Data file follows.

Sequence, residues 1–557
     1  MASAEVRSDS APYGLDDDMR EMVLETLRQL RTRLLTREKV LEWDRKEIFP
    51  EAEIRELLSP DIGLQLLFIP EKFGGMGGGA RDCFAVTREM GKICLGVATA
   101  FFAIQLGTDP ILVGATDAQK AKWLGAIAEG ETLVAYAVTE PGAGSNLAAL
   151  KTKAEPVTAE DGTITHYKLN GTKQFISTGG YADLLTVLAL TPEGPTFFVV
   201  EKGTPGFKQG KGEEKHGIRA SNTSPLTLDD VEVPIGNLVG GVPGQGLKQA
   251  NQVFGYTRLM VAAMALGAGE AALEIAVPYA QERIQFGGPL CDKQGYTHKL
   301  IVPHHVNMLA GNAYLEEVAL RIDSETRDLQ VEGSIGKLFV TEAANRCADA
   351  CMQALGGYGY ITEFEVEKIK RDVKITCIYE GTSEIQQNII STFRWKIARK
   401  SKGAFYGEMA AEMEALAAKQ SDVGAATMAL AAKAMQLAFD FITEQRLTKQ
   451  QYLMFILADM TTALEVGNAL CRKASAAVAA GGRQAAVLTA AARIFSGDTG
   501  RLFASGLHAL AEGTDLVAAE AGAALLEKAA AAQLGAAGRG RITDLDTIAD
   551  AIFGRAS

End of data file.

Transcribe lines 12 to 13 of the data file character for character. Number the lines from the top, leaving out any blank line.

   501  RLFASGLHAL AEGTDLVAAE AGAALLEKAA AAQLGAAGRG RITDLDTIAD
   551  AIFGRAS